My thoughts (scroll on if you want to keep your thoughts uninfluenced till after you vote!): I’m going to root for the underdog in Match 5, and say that while Iago’s busy monologuing, Doll slips a dagger out from her bodice and guts him with the ruthless efficiency of a true tavern wench. Match 6 is tough, because both of these guys are calculating, conniving planners. I feel like they’d be circling each other in the shadows for ages before either actually struck out. Ultimately I’m going to go with Edmund, not solely out of lust, but also because he actually has battle experience, whereas Claudius seems to fight from a distance. Match 7 breaks my heart. Poor Hermia. She drew the short straw. She’s one of my favorite girls in all of Shakespeare, but I’m pretty sure she’s going to get annihilated by Margaret in no time flat. Finally, between Siward and Goneril, I’m going to go with the English general. Goneril may be a nasty piece of work, but I don’t think she actually does all that much directly. Siward, on the other hand, is reportedly the greatest soldier in all of Christendom, so he must be pretty impressive to have earned that rep.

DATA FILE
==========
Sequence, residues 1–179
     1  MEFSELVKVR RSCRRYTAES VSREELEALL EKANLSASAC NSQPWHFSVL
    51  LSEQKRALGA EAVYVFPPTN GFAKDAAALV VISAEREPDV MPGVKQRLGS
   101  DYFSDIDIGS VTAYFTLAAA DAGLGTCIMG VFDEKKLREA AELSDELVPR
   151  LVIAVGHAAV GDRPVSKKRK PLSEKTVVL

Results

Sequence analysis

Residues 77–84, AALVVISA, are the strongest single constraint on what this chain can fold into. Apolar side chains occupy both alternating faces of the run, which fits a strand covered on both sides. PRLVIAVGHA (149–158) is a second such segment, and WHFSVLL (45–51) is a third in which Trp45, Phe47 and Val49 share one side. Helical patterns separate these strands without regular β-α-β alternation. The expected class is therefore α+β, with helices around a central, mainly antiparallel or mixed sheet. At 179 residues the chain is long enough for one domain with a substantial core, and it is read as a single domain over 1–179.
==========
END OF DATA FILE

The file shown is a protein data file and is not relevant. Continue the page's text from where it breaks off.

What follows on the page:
Thanks to everyone who’s voted in the first four matches so far — and don’t forget, if you need a refresher on the combatants, check out the Intro Post.

Shakespearean March Madness: Round 1, Part 1

Today we welcome the first eight competitors to the arena. Who will advance to the next round? You decide!

Match 1: Richard III vs Sebastian

Who wins the battle?

  • Richard III
  • Sebastian

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Match 2: Aaron the Moor vs Puck

Who wins the battle?

  • Aaron the Moor
  • Puck

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Match 3: Lady Macbeth vs Charles the Wrestler

Who wins the battle?

  • Lady Macbeth
  • Charles the Wrestler

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Match 4: Mark Antony vs Tybalt Capulet